On May 28, 2020, the IRS issued Notice 2020-35, postponing deadlines for more time-sensitive actions until July 15, 2020. Notice 2020-35 is the latest in a series of IRS notices issued since mid-March providing for delays under the authority of section 7508A due to the COVID-19 emergency declaration. Specifically, the relief relates to employment tax returns and returns filed by employee benefit plans exempt organizations due on or after March 30, 2020, and before July 15, 2020. The big news arising out of the notice—although certainly not broadcast by the IRS—pertains to the extension of the period for correcting errors that occurred in prior calendar years until July 15, 2020. This extension of time until July 15, 2020, permits employers to correct errors ascertained with respect to calendar year 2016 employment taxes, which ordinarily would have to have been corrected on or before April 15, 2020—the day on which the period of limitations would otherwise have lapsed. Continue Reading
Prompted by the COVID-19 global health emergency (the “COVID-19 Emergency”), Treasury and the IRS recently issued Rev. Proc. 2020-27 to provide relief for U.S. citizens and residents planning to take advantage of the foreign earned income exclusion under section 911 of the Internal Revenue Code whose expatriate assignments were interrupted due to the pandemic. The Revenue Procedure waives the time requirements of section 911(d)(1) for those individuals who reasonably expected to meet such requirements during 2019 and 2020, but for the COVID-19 Emergency interrupting normal business activities and forcing their return to the United States within certain time periods identified in the Revenue Procedure. Continue Reading
On March 13, 2020, the President issued a proclamation declaring a national emergency regarding the global outbreak of the COVID-19 virus (the “COVID-19 Emergency”). Subsequently, FEMA approved all states and the District of Columbia for major disaster declarations to provide federal emergency assistance. The Federal Government and state governments have also taken unprecedented preventative and proactive measures to slow the spread of COVID-19 by instituting stay-at-home orders and significantly curtailing travel. These restrictions have caused concerns regarding the application of the U.S. tax residency rules to nonresidents who are unable to leave the United States due to the state of emergency. In response, Treasury and the IRS issued Rev. Proc. 2020-20 to provide important relief under the substantial presence test for nonresidents unable to travel due to the COVID-19 Emergency. Continue Reading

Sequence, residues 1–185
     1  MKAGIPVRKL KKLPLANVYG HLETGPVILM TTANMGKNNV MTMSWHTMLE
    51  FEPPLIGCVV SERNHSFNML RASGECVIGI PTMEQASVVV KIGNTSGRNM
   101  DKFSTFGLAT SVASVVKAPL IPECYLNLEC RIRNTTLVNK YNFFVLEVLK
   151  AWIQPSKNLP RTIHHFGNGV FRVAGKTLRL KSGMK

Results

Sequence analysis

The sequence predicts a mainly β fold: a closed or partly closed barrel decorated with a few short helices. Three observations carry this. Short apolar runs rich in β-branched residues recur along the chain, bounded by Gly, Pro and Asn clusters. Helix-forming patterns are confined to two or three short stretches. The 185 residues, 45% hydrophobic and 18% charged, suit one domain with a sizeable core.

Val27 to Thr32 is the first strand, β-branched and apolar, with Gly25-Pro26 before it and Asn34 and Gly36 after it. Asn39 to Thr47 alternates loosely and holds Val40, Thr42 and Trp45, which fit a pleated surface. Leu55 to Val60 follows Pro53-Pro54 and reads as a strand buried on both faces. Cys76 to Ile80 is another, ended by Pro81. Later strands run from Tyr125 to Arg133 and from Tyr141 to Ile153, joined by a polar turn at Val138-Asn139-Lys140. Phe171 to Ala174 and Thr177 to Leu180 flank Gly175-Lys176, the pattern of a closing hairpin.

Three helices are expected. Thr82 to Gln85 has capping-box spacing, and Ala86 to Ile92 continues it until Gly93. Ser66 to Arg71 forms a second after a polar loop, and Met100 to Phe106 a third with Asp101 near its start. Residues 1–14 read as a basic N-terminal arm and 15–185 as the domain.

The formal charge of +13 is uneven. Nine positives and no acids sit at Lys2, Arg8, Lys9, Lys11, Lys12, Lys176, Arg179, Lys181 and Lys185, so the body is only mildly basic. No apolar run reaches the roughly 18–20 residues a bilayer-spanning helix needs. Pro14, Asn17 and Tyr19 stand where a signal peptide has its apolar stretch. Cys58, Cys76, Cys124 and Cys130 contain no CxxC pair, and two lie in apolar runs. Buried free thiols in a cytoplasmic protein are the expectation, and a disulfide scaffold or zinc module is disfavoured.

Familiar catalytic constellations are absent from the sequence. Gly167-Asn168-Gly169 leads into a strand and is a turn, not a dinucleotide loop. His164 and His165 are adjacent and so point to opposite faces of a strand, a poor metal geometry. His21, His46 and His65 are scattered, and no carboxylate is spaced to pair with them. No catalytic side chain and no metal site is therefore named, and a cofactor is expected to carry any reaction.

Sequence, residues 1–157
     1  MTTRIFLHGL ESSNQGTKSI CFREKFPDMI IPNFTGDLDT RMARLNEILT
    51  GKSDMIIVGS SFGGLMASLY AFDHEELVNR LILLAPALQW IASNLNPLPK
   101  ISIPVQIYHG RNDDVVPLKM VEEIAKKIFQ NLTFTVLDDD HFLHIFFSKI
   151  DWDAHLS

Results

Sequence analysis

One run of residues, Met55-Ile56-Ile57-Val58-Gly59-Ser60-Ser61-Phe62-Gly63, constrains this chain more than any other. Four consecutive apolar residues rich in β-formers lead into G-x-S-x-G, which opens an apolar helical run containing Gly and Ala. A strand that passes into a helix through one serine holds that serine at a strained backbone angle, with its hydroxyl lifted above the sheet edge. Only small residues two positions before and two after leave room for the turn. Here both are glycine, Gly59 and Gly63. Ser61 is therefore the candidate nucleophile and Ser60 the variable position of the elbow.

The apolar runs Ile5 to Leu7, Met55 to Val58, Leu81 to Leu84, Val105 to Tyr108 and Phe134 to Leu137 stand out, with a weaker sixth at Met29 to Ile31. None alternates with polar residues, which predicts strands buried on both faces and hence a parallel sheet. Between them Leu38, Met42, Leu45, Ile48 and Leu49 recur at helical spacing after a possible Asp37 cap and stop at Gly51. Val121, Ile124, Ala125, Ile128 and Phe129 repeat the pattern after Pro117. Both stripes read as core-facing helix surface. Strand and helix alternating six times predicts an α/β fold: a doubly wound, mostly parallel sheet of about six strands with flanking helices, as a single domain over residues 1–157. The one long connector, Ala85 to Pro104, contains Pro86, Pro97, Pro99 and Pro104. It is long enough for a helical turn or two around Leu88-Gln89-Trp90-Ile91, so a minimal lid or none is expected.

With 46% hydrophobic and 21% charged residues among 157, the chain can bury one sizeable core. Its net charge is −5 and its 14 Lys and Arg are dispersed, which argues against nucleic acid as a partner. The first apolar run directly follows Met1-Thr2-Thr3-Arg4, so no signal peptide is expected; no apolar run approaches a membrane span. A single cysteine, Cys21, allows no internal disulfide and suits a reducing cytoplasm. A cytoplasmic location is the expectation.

On May 7, the IRS updated its frequently asked questions to reverse its earlier determination that health plan expenses paid or incurred by an employer to provide health benefits to furloughed employees who were not paid other wages were not qualified health plan expenses for which an employer could claim the employee retention credit. The IRS revised Q&A-64 and Q&A-65 after the guidance came under bipartisan criticism from both Senate Finance Committee and House Ways and Means Committee leadership. Senators Grassley and Wyden, chair and ranking member of the Senate Finance Committee, and Representative Neal, chair of the House Ways and Means Committee, sent a letter to Treasury Secretary Mnuchin on May 5 urging Treasury and the IRS to change its position. The guidance came as a surprise because it conflicted with the Joint Committee on Taxation report that indicated such expenses were intended to be treated as eligible for the employee retention credit. Left unchanged by Treasury and the IRS is the distinction between payments made to furloughed employees and severance paid to terminated employees (see earlier article).
On May 4, the IRS revised its newly released frequently asked questions (“FAQs”) to clarify the interaction of the Paycheck Protection Program (“PPP”) with the employee retention credit. FAQ 79 now indicates that an employer that repays its PPP loan by May 7, 2020, in accordance with rules issued by the Small Business Administration (“SBA”), the employer will be treated as though it had not received a covered loan under the PPP for purposes of the Employee Retention Credit. Therefore, the employer will be eligible for the credit provided the employer is otherwise an “eligible employer.”
In our article of April 30, we highlighted a concern that the shifting PPP terms combined with media attention and a public outcry had led many employers who “received” a PPP loan to repay them during a safe harbor period for repayment under SBA rules. Because the FAQs did not address the issue, we were worried that some employers might be left ineligible for both the PPP and the retention credit. That may still be true for employers who are required to be aggregated with another employer who received a PPP loan, but will no longer be a concern for those who received a PPP loan, and repaid it by May 7, 2020.